Then we use the touch command to update the timestamp of the.ToolsCreated file. Since the file doesn’t exist the touch command creates the file for us. Also as the file starts with the . character it is hidden by default. Creating a hidden file like this is a good way of leaving behind some flag indicating that the script ran successfully. Of course, in our example this can be determined simply by seeing the folders that are created. But in more elaborate situations they are a very useful way of laying down milestones for a script.

The next command takes us back a step outside the enclosing folder. In our case the Tools folder is inside the home folder. So we are going back to the home folder.

We will repeat the steps again for the Reports and Help folders.

cd Reports
touch .ReportsFolderCreated
cd ..

cd Help
touch .HelpFolderCreated
cd ..

Those are the commands we execute to get the desired result. You can switch to the graphical user interface to see if the items have been created. Note that the files created with the touch command will not be visible by default.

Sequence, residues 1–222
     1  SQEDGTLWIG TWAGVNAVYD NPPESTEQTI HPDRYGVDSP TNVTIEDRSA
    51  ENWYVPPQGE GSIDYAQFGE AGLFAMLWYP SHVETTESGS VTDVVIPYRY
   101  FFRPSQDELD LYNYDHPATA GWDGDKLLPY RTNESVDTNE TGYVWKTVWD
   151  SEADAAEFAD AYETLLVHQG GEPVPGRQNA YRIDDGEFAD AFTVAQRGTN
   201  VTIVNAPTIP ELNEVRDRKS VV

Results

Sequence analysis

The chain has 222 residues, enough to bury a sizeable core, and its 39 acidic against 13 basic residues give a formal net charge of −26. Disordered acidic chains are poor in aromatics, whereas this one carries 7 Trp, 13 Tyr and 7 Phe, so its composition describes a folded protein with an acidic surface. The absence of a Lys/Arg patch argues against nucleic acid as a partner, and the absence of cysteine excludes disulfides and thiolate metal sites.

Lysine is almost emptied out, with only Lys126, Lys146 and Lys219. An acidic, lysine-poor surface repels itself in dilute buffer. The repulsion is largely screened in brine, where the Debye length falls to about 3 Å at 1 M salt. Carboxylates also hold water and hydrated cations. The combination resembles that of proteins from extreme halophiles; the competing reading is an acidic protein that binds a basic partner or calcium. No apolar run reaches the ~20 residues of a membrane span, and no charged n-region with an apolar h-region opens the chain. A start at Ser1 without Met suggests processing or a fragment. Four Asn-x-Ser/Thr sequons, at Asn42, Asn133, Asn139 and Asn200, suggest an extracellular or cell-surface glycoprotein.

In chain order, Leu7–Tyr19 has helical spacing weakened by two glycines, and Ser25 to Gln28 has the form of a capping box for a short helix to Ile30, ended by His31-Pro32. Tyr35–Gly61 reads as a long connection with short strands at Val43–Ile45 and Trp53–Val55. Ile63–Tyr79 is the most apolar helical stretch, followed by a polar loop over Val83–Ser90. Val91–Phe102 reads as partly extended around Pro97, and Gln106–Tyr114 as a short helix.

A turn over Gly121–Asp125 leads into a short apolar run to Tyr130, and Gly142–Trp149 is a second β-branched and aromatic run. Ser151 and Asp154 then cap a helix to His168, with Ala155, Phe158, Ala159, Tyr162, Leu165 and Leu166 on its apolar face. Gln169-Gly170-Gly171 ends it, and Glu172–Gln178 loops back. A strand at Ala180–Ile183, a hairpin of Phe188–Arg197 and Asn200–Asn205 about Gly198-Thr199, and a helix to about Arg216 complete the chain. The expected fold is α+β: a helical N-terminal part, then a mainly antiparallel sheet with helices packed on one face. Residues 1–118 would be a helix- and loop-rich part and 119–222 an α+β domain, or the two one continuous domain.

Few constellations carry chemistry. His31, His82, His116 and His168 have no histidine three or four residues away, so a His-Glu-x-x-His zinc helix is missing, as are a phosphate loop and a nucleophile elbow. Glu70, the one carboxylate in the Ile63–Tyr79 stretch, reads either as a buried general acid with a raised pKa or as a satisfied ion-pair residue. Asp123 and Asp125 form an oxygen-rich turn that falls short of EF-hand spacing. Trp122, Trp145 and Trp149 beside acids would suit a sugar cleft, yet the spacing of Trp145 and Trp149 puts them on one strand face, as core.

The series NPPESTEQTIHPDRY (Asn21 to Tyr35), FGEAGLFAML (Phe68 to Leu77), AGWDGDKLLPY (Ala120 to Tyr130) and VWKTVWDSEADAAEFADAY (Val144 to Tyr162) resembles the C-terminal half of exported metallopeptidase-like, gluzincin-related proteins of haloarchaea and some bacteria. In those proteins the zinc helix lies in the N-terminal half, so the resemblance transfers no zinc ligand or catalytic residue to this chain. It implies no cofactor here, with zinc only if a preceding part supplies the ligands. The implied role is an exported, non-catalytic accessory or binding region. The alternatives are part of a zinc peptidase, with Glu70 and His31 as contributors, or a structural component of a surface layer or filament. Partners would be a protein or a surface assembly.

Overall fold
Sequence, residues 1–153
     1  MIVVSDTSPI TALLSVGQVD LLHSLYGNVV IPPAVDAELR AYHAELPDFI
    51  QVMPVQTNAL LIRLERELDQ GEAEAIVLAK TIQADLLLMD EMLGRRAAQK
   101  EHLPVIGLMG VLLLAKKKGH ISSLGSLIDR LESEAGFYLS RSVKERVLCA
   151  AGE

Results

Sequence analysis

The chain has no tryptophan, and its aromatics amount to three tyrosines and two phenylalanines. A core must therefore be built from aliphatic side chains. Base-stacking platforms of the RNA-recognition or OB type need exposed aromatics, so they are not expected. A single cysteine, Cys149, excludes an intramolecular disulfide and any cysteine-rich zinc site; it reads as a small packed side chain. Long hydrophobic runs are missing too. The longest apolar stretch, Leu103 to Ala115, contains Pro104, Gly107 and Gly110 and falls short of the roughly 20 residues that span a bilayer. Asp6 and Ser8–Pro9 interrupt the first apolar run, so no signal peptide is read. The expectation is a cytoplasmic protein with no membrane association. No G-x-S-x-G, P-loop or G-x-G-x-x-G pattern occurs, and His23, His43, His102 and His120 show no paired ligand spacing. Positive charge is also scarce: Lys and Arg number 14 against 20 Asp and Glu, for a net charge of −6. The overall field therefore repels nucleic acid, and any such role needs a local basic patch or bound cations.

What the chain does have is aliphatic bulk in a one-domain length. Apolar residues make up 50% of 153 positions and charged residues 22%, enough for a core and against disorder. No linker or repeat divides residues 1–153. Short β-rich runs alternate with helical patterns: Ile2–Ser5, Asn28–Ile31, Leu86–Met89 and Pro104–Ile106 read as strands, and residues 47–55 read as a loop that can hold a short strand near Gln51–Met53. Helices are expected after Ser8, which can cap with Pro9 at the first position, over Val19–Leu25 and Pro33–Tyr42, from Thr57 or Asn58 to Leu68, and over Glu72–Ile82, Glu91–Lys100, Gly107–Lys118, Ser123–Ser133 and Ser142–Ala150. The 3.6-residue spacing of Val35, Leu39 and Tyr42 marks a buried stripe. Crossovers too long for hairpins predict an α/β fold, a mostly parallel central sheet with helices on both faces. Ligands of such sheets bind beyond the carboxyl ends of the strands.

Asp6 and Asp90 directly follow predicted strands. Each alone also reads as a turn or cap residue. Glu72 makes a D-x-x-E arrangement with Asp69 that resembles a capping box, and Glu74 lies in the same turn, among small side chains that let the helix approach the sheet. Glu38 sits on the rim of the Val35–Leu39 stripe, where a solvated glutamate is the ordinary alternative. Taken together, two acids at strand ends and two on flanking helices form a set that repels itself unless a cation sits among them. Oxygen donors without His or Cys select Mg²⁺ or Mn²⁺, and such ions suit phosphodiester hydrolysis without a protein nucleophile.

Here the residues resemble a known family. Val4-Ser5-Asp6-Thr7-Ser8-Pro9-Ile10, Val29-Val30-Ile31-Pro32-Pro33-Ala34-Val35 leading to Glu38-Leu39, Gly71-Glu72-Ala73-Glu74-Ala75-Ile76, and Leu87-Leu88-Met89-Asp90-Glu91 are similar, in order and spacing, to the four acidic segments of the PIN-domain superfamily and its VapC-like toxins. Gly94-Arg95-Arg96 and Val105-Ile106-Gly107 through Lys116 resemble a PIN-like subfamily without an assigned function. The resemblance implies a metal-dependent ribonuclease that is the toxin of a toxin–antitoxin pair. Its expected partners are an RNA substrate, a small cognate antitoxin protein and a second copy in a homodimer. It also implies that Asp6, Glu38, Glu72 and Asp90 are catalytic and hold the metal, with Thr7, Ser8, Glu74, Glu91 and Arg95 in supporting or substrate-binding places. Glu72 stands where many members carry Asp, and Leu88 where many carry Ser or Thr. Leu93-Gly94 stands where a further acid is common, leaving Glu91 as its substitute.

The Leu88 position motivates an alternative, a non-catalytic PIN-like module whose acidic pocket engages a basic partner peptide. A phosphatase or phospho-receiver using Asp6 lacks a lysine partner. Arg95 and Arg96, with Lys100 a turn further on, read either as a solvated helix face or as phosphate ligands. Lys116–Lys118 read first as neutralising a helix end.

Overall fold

Now that we have seen how these commands work. Let us create a script.

  1. Use any editor you like. I will start off with TextEdit. Create a new file. If you are using TextEdit then do not forget to convert the formatting to plain text. Format > Make Plain Text.
  2. Give the file any name you want. I will call it folderCreator.zsh.
  3. Save the file where ever you wish. I will save it on the Desktop folder for now.
  4. On the first line we need to specify our interpreter. This indicates that the commands in our script need to be interpreted by the zsh interpreter.
#!/bin/zsh
  1. One the next line we will type the command to go to the home folder.
#!/bin/zsh

cd ~/
  1. Next we will type the command to create the 3 folders.
#! /bin/zsh

cd ~/

mkdir Tools
mkdir Reports
mkdir Help
  1. Finally we will add the code to create the hidden files.
#! /bin/zsh

cd ~/

mkdir Tools
mkdir Reports
mkdir Help

cd Tools
touch .ToolsFolderCreated
cd ..

cd Reports
touch .ReportsFolderCreated
cd ..

cd Help
touch .HelpFolderCreated
cd ..

  1. A nice addition to the script would be the echo command. This command would let the person who is running the script know about the different events taking place.
#! /bin/zsh

echo "Running script to create folders."

cd ~/

echo "Creating folders: Tools, Reports, Help"
mkdir Tools
mkdir Reports
mkdir Help

echo "Creating hidden file for Tools folder."
cd Tools
touch .ToolsFolderCreated
cd ..

echo "Creating hidden file for Reports folder."